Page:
Truly disappointing news from One Mile At a Time yesterday. American Airlines has quietly unveiled seat maps for their new Airbus A319s.
It’s not Lucky’s fault, but I did vomit just a bit when I saw his post. These first A319s are configured with only 8 seats in First Class.
The flight map goes on to show a total of 3 rows in Main Cabin Extra (American’s second iteration of expanded legroom in coach).
One other small change here is that it looks like American is only blocking the first row of coach for airport control as opposed to the first two rows which was generally the policy for as long as I can recall.
Why is this so bad? One of the big advantages for me when I travel on American is that I always get upgraded. Not just usually. I recently thought I was going to miss an upgrade which would have been my first one in 2013. And, I think I only missed 1 upgrade last year on over 50 flights.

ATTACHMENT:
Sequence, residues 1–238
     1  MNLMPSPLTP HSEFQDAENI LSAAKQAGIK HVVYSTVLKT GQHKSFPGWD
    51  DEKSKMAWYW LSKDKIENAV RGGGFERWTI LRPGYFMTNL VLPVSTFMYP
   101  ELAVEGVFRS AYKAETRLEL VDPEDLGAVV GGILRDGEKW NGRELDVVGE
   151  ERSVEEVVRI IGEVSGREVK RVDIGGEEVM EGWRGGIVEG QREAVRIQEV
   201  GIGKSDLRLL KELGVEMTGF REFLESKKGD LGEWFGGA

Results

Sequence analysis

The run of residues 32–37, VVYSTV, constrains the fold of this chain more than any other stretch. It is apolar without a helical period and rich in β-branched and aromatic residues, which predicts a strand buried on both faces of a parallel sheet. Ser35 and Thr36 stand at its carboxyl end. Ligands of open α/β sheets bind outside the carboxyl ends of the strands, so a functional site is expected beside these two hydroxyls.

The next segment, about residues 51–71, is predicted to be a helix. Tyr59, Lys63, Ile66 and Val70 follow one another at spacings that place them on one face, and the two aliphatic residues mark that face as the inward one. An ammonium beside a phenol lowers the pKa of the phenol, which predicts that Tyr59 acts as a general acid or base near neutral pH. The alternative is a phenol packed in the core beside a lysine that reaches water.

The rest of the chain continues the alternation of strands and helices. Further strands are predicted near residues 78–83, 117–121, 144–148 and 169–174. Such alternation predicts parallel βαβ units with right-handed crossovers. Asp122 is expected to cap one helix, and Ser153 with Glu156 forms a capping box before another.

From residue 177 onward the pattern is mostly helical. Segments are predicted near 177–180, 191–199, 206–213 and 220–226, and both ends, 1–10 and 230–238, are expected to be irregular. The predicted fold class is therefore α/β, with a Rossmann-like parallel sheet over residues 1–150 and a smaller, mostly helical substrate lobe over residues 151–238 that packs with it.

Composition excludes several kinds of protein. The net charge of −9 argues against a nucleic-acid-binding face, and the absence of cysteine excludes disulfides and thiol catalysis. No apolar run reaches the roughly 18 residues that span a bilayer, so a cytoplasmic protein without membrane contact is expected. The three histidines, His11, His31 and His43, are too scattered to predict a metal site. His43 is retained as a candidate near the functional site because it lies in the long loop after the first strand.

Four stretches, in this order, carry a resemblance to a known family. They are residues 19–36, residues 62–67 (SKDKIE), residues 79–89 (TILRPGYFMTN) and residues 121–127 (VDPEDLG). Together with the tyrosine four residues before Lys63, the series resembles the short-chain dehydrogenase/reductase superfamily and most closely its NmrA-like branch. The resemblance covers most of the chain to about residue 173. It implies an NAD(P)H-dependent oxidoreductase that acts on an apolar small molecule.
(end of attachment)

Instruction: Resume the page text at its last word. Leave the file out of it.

I talked fairly fondly about American’s amount of seats in First Class when I was quoted by the New York Times a few months ago but was a bit concerned that American would change how they processed upgrades for elites. Now, if some routes are going to have less First Class seats and more elites get upgraded for free (which hasn’t been confirmed yet) American isn’t as compelling to me from an upgrade standpoint anymore. At that point, domestic route networks become much more important if I’m just as likely to be in the back of the bus on American as I am on United.
I understand why American bought the A319s. They got a sick deal from Airbus because Airbus was trying to break Boeing’s monopoly on American Airlines’ business. And, I even understand why there are less premium seats on the A319, since the operating economics of these smaller planes make it tough for airlines to be profitable. But, 8 seats strikes me as a bit more severe than expected. If anything, I was expecting a reduction to 12 from the very generous 16 seats that their smallest planes have now.
I’m not running for the doors yet. But, I’m going to be as nervous as a cat in a room filled with rocking chairs waiting for the seat maps for the A321s.